Vicky Joel – UK Coaching Week Blog

0 Comment
202 Views

I am a coach of a winter sport. I am quite happy to turn out on the cold, dark, often wet nights to train with other like-minded people who are there for several reasons but one (quite often) is for the right to be selected to play for a team at the weekend.

This rationale had already been challenged and national governing bodies of sport had designed more informal versions of their sport that clubs have been delivering for several years. The pathway that is encouraged is always back to the formal teams. And then came the pandemic.

The cancellation of the 2020 – 21 season was a certainty. The feelings of some of the individuals I worked with were varied and strong in equal measure. Some were quickly switched to, ‘right, that’s it. No more sport, no more matches, no more training, have a good Christmas (spoken in September)’. Others would keep checking the announcements in the hope that something would happen to allow us back out to train and play.

Coaching has always been a role and to a degree a responsibility for the people you coach and not just the delivery of sessions or pointing and shouting from the side of a pitch. The pandemic examined this, and it is this that I want to talk to you about.

You can probably never know exactly what goes on in most people in your teams’ lives. You can take them on face value, how they present, how they interact, how they perform.

Return to play was met with some nervousness and a lot of excitement. Caution and distancing mixed with reverting back to normal on pitch behaviour and closeness of proximity.

It became apparent that one of the players was struggling. They had a good support system around them, and they would appear to sessions on an ad hoc basis and be available for matches equally as randomly. Was it nervousness of the return to play and the pandemic that made them physically and emotionally distant from the rest of the group or was it something else?

I tried everything, I tried friendly, I tried curious, I tried joking, I tried engaging in a bigger group and on a 1 to 1. Everything was awkward (to me) and equally as uncomfortable for them. I had a real-life situation, in the middle of a pitch where a player was struggling and I had a larger group of players who were so happy to be back together and playing again, the contrast was stark.

Then, another player, who began to struggle emotionally and even the endorphins of exercise and training could not stop them from coming to an abrupt stop both at training and at matches in an upsetting way.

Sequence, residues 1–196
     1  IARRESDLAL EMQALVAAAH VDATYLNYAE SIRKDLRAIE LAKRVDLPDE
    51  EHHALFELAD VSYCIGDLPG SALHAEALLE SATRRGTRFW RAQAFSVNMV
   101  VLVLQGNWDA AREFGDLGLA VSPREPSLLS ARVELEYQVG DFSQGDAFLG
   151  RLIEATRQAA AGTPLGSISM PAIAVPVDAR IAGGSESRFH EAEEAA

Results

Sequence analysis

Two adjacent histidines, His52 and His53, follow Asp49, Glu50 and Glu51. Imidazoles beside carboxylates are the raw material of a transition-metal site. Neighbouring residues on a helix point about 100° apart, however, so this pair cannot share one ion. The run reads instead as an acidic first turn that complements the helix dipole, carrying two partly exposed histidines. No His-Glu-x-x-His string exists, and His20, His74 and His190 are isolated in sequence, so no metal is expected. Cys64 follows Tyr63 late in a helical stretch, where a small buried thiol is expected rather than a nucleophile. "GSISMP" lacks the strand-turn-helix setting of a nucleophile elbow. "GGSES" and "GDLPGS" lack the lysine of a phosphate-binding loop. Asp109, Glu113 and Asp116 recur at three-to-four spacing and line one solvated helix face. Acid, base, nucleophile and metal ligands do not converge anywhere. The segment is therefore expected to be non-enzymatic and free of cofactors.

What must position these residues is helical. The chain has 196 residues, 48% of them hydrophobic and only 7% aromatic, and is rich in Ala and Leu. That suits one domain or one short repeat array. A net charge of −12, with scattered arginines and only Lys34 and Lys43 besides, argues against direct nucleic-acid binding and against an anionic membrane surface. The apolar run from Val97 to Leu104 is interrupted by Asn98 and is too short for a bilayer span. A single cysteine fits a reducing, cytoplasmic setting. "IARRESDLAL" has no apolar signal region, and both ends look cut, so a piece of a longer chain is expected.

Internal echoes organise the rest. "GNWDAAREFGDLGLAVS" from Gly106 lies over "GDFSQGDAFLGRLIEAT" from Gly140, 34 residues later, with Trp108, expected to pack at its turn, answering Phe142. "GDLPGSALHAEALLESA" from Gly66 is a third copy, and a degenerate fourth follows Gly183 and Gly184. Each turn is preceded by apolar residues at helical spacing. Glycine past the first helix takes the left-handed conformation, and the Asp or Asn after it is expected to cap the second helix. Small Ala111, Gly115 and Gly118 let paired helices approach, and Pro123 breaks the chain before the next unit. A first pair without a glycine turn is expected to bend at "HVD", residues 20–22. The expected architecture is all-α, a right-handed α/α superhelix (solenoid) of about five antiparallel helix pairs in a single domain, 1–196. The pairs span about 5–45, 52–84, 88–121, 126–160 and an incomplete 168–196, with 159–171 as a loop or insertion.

Two players, both who had changed in terms of character and indeed their health and me, a coach of a who is desperate to play well and win games.

So here is what I learned. Talking openly in a group about wellbeing (men’s and women’s separately and specifically if needed) and about mental health is great. We must create environments that players and participants feel comfortable to attend.

The team and the individuals within it will have their views about a teammate who has low mood, who gets upset, who does not respond to a shout from a teammate or to a joke in the changing rooms as they would expect. Generally, people are nice, and they are kind. In the middle of a league match there are certain messages delivered in certain ways that are not helpful when someone is feeling fragile, and that is a dynamic, real-life challenge that I think more and more of us as coaches will find ourselves dealing with.

Did I deal with these two individuals correctly in each scenario? Definitely not. Through trial and trying to understand reactions and by reaching out to the individuals support system, we found a way to communicate and to retain them in the team.

I felt that this experience was significant in my coaching career for the main reasons; 1. The role and benefit of sport and physical activity on people’s mental and physical wellbeing became really apparent. Sport created the environment and the opportunity to interact socially and to engage in tactics and one on one competition that provided a sense of purpose and accomplishment. 2. The realisation that there are lots of us who will suffer with our mental health and that as coaches, we need to see our participants and realise that by encouraging people to talk and by trying to reduce the stigma that has been associated with mental health, we [the coach] need to be equipped to deal with it in our sessions, at our matches and as part of the environment and culture we create with our participants.

Vicky Joel – Director at Think Active